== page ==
US president Joe Biden denounced white supremacy as a “poison” running through American politics after blaming a “hateful and perverse ideology” for the deadly racially motivated mass shooting at a supermarket in Buffalo, New York.
Biden arrived in the city on Tuesday morning for a hastily arranged visit to meet a predominantly black community in mourning following a rampage that left 10 dead and three injured. Eleven of the victims were black and two were white.
Payton Gendron, 18, who lives 200 miles away and had embraced white supremacist conspiracy theories, has been charged with the murders.
Biden spoke at a local community centre after visiting the site of the shooting and meeting families of the victims, calling the attack “domestic terrorism” and “violence inflicted in the service of hate and the vicious thirst for power”.
He also singled out the “great replacement” theory as one of the root causes of the rampage and other incidents of racist violence in the US.
The fringe theory, which espouses false claims that non-whites are plotting to seize political power, has been gaining ground on the American far right. Biden said “angry, alienated, lost, and isolated individuals” had been “radicalised” into “falsely believing that they will be replaced”.
“I call on all Americans to reject the lie. And I condemn those who spread the lie for power, political gain and for profit . . . We’ve now seen too many times the deadly and destructive violence this ideology unleashes,” Biden said, citing recent attacks in Charleston, South Carolina, El Paso, Texas and Pittsburgh, Pennsylvania in recent years.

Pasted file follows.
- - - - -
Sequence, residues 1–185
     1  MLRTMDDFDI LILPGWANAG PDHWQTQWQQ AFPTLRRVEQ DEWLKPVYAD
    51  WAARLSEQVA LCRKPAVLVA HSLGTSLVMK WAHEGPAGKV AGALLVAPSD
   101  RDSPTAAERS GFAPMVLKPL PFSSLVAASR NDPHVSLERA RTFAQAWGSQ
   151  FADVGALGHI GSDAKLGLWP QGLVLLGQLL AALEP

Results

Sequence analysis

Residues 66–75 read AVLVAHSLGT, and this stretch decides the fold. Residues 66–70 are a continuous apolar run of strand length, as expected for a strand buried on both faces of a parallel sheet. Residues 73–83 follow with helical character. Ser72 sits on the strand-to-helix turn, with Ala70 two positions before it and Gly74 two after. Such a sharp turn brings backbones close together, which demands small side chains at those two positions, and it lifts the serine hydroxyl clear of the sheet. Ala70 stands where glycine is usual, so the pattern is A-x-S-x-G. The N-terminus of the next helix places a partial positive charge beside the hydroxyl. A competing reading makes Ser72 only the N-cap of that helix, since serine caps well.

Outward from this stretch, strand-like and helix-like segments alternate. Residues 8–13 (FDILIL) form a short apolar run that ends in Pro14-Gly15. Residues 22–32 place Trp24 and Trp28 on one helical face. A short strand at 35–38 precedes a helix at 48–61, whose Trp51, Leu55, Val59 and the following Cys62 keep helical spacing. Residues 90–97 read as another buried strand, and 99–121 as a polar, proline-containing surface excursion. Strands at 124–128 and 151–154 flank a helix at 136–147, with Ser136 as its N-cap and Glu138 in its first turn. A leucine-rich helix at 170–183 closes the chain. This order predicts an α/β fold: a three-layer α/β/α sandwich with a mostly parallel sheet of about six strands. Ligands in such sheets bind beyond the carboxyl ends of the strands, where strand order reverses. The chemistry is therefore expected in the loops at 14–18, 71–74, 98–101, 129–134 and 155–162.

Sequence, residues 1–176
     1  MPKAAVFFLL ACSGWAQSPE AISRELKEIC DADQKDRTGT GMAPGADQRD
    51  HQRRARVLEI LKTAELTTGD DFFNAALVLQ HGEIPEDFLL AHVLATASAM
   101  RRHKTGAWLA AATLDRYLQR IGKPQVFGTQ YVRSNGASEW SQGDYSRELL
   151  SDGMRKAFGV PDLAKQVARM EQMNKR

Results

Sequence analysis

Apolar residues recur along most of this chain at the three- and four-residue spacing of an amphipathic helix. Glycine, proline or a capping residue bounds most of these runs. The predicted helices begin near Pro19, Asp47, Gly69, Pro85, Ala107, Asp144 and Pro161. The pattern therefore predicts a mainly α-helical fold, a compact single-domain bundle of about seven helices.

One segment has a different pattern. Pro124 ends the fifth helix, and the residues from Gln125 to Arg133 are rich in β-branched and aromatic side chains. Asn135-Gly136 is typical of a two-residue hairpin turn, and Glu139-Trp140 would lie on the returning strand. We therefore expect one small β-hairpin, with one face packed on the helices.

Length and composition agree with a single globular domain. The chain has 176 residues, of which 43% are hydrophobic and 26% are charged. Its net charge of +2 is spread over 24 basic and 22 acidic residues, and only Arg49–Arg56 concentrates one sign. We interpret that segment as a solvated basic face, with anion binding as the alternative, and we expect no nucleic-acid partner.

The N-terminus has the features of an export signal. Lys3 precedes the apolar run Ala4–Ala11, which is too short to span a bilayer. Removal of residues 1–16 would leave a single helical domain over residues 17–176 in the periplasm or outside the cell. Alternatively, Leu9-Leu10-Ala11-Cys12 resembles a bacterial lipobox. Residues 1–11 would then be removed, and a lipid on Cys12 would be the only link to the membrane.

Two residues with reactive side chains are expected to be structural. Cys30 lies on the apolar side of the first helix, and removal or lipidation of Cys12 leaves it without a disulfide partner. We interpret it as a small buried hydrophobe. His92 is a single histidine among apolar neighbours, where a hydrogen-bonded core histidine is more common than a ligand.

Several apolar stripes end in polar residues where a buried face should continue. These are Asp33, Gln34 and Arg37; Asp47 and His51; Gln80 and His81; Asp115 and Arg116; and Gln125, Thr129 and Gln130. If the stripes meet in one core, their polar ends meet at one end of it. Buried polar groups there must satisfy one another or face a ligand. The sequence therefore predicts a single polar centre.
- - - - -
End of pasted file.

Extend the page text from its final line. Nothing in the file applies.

He added: “White supremacy is a poison . . . running through our body politic. And it’s been allowed to fester and grow right in front of our eyes.”
While Biden unequivocally blamed racist hatred for the Buffalo murders, he stopped short of shaming particular individuals, including Republican lawmakers, for fomenting violence against minorities.
Karine Jean-Pierre, the White House press secretary, said before the speech: “The people who spread this filth, they know who they are and they should be ashamed of themselves, but I’m not going to give them or the noxious ideas they are pushing the attention that they desperately want.”
Biden also renewed his calls for tougher gun control legislation, but acknowledged that the chances of a compromise on Capitol Hill were low on even the most modest restrictions on access to weapons because of staunch opposition from Republicans.
“I know tragedy will come again. It cannot be forever overcome. It cannot be fully understood either. But there are certain things we can do. We can keep assault weapons off our streets,” Biden said.
The president added that it was also important to “address the relentless exploitation of the internet to recruit and mobilise terrorism”.
“The American experiment, and democracy, is in a danger like it hasn’t been in my lifetime . . . Hate and fear are being given too much oxygen by those who pretend to love America, but don’t understand America,” he said.
Biden travelled to Buffalo ahead of his departure on Thursday for a trip to Asia. The president, who is suffering from low approval ratings heading into the November midterm elections, is increasingly trying to depict Republicans as captured by extremist ideologies and positions associated with former president Donald Trump.